Explosion Suppression

Explosion Suppression and Chemical Isolation Systems

IPD Explosion Chemical Suppression and Isolation Systems are designed and manufactured by Industrial Protection Devices, L.L.C. (IPD) for delivery of kosher sodium bicarbonate dry chemical extinguishing agent into developing explosions. The basic control unit for activation of the system is designed to respond to actuation signals from several different types of explosion sensing devices.

The extinguishing agent delivery device or Cannon™ is suitable for use as an explosion suppression unit and/or for chemical isolation purposes.

The extinguishing agent employed is sodium bicarbonate. The agent is stored at atmospheric pressure in a replaceable Canister and is housed in the Cannon™ barrel. The force needed to release the extinguishing agent and propel it into a developing fireball is provided by the combination of an Actuator located in the Canister, and by the release of compressed Nitrogen gas from a pressurized tank.

The Actuator is completely enclosed within each Canister, and performs several functions. The first function of the Actuator is to break up the powder. Second, it provides an accelerating force for the agent as it leaves the Cannon; and third, it simultaneously opens a sealed pressurized tank to release Nitrogen gas. The pressurized Nitrogen adds to the accelerating force of the Actuator, so that extinguishing agent is delivered into the process enclosure with sufficient velocity to reach the developing explosion.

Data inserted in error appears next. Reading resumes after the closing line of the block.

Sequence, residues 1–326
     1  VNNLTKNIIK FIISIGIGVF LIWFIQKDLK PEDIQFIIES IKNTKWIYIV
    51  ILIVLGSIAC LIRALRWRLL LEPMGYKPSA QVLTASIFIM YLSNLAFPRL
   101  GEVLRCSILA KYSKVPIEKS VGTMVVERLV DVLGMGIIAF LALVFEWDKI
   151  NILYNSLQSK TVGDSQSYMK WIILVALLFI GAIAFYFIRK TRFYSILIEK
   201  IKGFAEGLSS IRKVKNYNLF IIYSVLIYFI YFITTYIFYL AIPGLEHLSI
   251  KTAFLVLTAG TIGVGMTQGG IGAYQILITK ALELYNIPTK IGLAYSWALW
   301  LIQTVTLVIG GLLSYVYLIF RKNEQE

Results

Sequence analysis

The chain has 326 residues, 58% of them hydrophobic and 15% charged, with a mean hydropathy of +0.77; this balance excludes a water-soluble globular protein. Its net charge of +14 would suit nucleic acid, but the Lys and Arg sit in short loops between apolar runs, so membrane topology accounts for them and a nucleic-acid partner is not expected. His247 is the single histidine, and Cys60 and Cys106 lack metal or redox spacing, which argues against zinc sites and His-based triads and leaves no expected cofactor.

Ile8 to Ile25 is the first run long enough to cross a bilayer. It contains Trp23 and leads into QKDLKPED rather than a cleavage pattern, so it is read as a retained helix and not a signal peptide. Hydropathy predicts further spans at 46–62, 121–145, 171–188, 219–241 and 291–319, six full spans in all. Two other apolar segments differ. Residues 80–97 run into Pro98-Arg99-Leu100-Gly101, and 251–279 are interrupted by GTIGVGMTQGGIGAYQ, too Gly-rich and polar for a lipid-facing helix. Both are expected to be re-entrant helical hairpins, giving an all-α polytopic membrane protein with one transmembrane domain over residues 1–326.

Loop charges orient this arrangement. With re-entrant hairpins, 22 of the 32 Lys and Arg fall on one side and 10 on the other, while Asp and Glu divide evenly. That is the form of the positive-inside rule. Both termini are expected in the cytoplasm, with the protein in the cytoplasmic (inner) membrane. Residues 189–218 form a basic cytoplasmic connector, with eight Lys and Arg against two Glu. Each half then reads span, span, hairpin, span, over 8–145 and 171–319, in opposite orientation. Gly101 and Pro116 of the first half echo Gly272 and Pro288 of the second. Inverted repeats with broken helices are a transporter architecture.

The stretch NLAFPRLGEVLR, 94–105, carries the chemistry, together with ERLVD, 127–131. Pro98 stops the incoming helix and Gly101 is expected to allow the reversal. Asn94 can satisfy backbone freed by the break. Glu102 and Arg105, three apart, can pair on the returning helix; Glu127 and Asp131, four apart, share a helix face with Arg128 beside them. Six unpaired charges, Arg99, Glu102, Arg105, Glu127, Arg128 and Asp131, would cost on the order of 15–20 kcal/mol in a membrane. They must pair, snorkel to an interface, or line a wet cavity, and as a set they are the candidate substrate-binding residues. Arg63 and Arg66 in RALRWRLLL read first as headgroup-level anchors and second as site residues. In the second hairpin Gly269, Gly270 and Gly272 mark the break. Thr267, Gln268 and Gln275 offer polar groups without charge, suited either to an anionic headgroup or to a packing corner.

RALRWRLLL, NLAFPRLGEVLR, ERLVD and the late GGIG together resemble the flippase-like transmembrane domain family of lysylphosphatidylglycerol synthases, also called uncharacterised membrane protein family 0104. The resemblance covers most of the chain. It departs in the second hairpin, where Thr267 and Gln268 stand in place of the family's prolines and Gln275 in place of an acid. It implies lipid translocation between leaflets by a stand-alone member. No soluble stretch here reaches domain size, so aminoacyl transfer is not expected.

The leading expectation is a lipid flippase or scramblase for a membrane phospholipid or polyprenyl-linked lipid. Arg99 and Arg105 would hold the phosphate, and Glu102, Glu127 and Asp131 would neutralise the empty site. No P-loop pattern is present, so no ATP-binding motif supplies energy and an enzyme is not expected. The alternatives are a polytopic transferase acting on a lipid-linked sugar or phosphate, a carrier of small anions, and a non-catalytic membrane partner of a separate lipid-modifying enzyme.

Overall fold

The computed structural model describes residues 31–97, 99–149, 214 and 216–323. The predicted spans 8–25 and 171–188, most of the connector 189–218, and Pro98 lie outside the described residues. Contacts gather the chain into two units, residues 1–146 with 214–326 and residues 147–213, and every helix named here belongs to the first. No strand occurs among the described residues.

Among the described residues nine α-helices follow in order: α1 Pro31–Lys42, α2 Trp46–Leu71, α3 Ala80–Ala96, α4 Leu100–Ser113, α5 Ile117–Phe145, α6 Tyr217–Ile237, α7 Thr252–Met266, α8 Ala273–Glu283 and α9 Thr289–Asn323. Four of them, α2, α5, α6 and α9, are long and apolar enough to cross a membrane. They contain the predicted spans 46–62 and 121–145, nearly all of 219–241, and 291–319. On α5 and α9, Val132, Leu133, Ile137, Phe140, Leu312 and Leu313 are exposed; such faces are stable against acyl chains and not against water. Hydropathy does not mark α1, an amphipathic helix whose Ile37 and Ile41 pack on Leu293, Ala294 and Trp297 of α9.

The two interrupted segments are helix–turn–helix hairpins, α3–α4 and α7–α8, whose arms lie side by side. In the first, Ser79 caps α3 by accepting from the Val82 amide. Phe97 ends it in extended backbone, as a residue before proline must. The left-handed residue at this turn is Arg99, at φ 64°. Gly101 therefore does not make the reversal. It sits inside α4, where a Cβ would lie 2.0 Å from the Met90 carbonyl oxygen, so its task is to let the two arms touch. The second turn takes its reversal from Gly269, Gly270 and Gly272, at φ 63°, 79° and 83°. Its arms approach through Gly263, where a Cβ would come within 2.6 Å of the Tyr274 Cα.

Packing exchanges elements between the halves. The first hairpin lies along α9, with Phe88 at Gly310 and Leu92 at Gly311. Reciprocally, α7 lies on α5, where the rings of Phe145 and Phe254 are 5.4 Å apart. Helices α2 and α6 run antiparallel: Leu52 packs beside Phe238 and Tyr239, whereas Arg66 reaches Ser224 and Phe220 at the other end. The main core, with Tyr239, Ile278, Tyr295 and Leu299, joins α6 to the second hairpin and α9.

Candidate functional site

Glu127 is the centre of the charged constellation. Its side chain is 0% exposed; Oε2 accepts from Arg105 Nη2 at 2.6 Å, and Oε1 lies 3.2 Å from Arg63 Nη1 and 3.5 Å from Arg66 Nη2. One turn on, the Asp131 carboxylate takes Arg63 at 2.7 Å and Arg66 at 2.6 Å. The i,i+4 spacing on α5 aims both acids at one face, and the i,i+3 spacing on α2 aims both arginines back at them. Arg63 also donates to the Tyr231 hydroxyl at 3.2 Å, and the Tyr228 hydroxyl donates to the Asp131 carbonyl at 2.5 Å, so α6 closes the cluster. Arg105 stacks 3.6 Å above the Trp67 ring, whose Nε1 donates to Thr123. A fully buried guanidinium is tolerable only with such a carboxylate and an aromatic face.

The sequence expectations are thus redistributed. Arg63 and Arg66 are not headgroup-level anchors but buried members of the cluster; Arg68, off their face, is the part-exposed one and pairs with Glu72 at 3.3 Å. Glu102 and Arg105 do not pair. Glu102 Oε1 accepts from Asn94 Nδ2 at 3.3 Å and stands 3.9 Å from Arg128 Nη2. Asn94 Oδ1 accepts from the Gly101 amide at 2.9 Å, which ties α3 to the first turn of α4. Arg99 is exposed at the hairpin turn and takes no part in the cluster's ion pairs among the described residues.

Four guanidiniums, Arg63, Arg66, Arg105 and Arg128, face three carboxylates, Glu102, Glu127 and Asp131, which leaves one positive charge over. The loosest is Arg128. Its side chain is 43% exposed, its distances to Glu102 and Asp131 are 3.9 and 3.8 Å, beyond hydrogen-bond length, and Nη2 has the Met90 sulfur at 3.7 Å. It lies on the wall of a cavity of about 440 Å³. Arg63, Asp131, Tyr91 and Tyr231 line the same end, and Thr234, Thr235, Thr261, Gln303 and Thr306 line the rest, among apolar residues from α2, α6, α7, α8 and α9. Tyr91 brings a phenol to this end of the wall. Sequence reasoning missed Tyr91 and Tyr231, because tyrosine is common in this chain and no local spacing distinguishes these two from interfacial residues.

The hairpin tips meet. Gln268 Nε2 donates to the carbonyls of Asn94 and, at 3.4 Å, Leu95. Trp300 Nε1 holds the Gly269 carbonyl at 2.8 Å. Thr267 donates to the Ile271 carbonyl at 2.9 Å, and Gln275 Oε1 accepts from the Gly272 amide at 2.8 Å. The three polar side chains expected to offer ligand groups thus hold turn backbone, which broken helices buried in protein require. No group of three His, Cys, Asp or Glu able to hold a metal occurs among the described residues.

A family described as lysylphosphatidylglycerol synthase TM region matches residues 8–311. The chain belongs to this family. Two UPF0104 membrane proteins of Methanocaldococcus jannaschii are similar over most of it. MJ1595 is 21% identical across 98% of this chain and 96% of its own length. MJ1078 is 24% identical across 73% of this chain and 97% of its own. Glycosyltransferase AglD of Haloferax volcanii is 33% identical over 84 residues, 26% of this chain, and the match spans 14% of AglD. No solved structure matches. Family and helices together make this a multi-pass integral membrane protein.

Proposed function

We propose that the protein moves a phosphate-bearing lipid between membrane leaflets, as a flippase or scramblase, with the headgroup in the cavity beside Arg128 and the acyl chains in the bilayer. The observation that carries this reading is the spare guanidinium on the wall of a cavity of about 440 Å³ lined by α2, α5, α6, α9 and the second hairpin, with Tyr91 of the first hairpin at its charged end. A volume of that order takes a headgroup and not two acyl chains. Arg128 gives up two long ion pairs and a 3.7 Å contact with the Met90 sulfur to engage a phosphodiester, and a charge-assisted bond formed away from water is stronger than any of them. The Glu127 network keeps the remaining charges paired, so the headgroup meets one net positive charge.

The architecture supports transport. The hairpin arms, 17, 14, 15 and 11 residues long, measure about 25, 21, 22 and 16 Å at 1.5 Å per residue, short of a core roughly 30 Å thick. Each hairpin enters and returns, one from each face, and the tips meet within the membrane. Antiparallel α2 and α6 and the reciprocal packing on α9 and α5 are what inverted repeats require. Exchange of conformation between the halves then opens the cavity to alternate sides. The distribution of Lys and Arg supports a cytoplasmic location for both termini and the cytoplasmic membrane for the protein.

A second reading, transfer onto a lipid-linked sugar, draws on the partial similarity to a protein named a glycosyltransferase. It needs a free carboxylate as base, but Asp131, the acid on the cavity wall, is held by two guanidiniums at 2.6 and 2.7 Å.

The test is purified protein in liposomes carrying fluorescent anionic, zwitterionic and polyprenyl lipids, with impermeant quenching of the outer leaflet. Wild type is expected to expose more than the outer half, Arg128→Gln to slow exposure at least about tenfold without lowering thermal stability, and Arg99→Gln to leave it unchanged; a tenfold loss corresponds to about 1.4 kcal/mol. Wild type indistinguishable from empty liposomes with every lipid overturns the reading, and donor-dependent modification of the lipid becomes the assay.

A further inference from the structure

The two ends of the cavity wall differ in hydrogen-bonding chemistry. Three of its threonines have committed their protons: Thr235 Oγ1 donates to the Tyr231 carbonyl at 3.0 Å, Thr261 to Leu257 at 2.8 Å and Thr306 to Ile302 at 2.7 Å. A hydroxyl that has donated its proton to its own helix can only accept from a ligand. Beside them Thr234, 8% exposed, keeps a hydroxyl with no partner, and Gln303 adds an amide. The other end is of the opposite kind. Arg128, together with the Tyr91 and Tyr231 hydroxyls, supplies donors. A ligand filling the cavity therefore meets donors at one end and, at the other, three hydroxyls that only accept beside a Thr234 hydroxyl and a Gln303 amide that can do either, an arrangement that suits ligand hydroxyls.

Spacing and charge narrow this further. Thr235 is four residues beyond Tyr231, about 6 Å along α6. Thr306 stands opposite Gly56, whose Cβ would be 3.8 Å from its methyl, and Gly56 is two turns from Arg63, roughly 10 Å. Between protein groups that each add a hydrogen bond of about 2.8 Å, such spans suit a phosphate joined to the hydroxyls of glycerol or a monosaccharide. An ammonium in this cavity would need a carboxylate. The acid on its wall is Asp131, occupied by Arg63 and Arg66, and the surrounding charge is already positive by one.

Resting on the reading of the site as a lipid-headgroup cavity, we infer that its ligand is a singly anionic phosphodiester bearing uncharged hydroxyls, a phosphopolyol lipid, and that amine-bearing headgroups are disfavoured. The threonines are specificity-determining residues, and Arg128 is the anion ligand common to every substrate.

When used for chemical isolation in conjunction with a BS&B Pressure Safety Management (BS&B) explosion vent, a Detector Interface Unit is connected to the BS&B vent switch sensor (Type MBS), and discharge of Isolation Cannons occurs when the vent opens. Alternatively, a separate IPD pressure sensor may be used for activation. In planning an installation of explosion suppression and/or chemical isolation Cannons and associated electronics, it is essential that the user understand and define various safety and operational factors, including the following:

1. Specifications of the dust, gas or vapor that constitutes the potential hazard.

2. Size and geometry of the process enclosure, and of connected equipment.

3. Process operating characteristics such as pressure variations, process temperatures, vibration involved, corrosive or toxic material present, and dry / wet operating conditions.

4. Identification of surface areas available for placement of equipment

5. Arrangements for maintenance operations to be carried out, either through a maintenance contract with IPD or through training of the user’s operating personnel.

6. Designation of operating personnel responsible for attention to fault indications, and for action to remedy any identified faults on a timely basis.

NFPA 69 practices must be followed by the user of this equipment; successful operation of a suppression and/or isolation system is a joint undertaking between the user and the protection equipment supplier. NFPA 69 can be freely viewed and purchased at www.nfpa.org.